On January 1, 2012 Washington State’s minimum wage will increase to $9.04.  Once again Washington State will lead the nation in having the highest minimum wage.  Oregon’s minimum wage will increase to $8.80. 

The minimum wage level of Washington State, Oregon and 8 other state’s is indexed to inflation and the consumer price index. In 1998 Washington voters passed Initiative 688. It was the first state to index it’s minimum wage to inflation and set the standard for other states to follow rather than every few years waging battles to try to increase the minimum wage when inflation went up. The other eight states are Arizona, Colorado, Florida, Missouri, Montana, Nevada, Ohio, and Vermont.

As CNNMoney notes, “Minimum wage rates in Arizona, Colorado, Florida, Montana, Ohio, Oregon, Vermont and Washington will rise between 28 and 37 cents per hour on Jan. 1 …Rates in these states will range from $7.64 per hour (in Colorado), to $9.04 (in Washington) in 2012.” Nevada does not raise its minimum wage until July 1st and Missouri, even with an adjustment, does not exceed the Federal minimum wage.

Increasing the minimum wage has positive effects on the economy.  As CNNMoney noted:

 ”The small boosts for 2012 are estimated to tack an extra $582 to $770 a year onto the paychecks of full-time workers, according to the National Employment Law Project, a non-profit advocacy group.

What’s more, the increases could be a mini-boost for the economy. The expected rise in consumer spending as a result of the wage increases would add $366 million to the nation’s gross domestic product and lead to the creation of more than 3,000 full-time jobs.”

The Economic Policy Institute calculates the actual impact in even broader terms.

Across these eight states, an estimated 1,045,000 workers will be “directly affected.”  These are workers whose current wages are between the existing state minimum wage and the new Jan. 1 minimum wage. In addition, another 394,000 workers will be “indirectly affected” by the increase. These indirectly-affected workers are those whose current wages are just above the new Jan. 1 minimum, and are likely to also see a wage increase as employers adjust their overall pay structures to reflect the new minimum (the “spillover” effect).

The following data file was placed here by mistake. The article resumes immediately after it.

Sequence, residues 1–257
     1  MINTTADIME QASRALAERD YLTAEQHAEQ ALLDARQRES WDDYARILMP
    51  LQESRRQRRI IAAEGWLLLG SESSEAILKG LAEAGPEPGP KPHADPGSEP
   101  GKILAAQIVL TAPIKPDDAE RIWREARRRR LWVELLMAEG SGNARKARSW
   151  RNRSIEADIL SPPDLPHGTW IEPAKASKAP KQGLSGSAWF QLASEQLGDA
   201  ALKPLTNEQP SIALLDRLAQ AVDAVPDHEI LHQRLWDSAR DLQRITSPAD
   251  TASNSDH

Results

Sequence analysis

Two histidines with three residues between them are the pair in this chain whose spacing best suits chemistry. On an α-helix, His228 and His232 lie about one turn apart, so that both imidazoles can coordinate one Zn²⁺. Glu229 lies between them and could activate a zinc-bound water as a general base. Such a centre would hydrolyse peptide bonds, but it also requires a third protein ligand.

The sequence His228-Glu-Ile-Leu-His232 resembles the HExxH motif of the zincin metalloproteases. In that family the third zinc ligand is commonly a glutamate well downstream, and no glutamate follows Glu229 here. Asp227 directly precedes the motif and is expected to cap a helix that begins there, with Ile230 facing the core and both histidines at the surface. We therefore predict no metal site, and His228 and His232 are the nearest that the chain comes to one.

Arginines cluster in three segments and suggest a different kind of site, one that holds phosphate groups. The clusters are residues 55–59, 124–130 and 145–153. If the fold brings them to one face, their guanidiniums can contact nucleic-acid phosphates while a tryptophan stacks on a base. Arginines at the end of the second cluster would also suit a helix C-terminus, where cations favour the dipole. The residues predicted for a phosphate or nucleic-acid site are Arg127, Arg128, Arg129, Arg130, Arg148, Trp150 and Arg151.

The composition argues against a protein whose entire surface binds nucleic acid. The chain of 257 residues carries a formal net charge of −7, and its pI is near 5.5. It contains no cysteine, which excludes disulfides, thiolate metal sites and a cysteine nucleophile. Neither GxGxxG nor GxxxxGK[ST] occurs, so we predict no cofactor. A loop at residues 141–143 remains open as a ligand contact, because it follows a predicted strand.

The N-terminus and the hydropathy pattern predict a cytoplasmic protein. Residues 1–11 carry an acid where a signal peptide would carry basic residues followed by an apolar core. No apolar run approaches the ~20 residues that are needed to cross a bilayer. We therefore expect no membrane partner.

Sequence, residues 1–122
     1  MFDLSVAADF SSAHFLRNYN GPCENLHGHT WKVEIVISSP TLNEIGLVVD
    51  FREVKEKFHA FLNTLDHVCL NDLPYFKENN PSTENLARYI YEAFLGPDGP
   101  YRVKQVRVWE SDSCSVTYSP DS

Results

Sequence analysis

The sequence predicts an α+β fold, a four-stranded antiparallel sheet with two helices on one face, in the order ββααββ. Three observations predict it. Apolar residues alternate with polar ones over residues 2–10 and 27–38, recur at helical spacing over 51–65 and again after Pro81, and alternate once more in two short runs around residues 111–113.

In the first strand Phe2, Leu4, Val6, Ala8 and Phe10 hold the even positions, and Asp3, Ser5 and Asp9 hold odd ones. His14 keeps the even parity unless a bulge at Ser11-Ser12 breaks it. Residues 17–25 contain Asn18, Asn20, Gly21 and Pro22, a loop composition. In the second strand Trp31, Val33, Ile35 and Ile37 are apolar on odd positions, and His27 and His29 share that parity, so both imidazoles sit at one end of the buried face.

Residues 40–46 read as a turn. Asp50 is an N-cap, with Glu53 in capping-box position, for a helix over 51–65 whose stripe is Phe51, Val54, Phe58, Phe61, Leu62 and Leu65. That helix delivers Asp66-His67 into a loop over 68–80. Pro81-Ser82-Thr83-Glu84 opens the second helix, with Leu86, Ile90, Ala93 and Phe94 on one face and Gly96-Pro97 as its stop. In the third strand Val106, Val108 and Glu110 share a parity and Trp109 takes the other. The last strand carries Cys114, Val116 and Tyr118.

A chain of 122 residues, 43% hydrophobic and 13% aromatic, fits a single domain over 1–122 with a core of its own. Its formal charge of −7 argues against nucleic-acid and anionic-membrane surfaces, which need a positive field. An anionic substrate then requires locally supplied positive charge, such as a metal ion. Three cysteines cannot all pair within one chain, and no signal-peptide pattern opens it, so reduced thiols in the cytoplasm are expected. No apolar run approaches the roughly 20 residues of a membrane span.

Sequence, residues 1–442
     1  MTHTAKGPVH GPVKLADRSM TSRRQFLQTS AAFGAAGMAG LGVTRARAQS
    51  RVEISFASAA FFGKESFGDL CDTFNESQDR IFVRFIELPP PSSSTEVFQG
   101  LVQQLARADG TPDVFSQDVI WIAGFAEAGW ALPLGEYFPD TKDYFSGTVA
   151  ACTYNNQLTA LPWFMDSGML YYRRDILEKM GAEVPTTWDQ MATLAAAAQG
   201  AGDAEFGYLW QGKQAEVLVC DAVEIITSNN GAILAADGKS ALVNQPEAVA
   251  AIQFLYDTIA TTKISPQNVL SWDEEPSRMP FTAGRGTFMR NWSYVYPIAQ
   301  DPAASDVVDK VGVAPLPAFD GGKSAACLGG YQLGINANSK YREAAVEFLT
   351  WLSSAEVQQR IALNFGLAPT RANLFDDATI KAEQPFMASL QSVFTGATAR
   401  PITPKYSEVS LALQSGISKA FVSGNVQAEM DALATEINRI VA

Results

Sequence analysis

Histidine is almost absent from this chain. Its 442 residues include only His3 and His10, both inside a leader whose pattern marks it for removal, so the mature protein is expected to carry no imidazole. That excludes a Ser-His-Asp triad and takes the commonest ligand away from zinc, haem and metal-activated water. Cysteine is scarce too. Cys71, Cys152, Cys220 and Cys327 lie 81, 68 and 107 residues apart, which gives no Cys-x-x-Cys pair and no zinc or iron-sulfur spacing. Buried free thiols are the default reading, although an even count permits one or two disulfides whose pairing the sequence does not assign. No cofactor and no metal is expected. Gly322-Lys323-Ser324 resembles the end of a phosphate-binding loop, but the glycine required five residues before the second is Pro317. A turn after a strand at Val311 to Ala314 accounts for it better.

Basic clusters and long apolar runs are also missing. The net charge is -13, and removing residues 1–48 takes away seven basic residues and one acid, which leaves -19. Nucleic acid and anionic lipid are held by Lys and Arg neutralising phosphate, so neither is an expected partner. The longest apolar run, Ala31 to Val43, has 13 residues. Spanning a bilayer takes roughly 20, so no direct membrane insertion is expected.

Despite the benefits of indexing the minimum wage to inflation, the national minimum wage is not indexed to inflation. Thus as the cost of goods like food and gas go up, the buying ability of minimum wage workers decreases. The current Federal wage is currently only $7.25.  That’s just a little over $15,000 a year.

The federal minimum wage needs to be indexed to inflation. Congress has a dismal record of increasing the minimum wage.  From 1997 to 2007, the minimum wage was stuck at $5.15 despite increases in inflation. In legislation passed in 2007 it went up to $5.85 in June 2007, then to $6.55 in June 2008 and then to $7.25 in June 2009. No further increase have been made in the last 2 1/2 years.

Barack Obama, as part of his transition team agenda, said he would work to raise the minimum wage and index it to inflation.  We need to hold him to his promise and to put Democrats and Republicans on the spot as to standing up for helping low income workers make it in this economy.  Republicans will voice all their usual objections but there is no better way to convince voters of whose interests they really represent than to challenge them to support working Americans by raising the minimum wage for the lowest paid workers.

And progressives in the states that have initiatives would be wise to run minimum wage initiatives with an inflation index in 2012.  With all the attention on the vast disparity of wealth distribution in this country that has gotten worse, its time to put on the ballot measures that work to redress this imbalance and that point out the differences between the goals of Republicans and Democrats.  Democrats have joined with Labor in working to help raise the pay of lower wage earners. Republicans have not.

One Response to Washington State Minimum Wage to Increase to $9.04 on January 1, 2012

  1. [...] Across these eight states, an estimated 1,045,000 workers will be “directly affected.”  These are workers whose current wages are between the existing state minimum wage and the new Jan. 1 minimum wage. In addition, another 394,000 workers will be “indirectly affected” by the increase. These indirectly-affected workers are those whose current wages are just above the new Jan. 1 minimum, and are likely to also see a wage increase as employers adjust their overall pay structures to reflect the new minimum (the “spillover” effect).Source: majorityrules.org [...]

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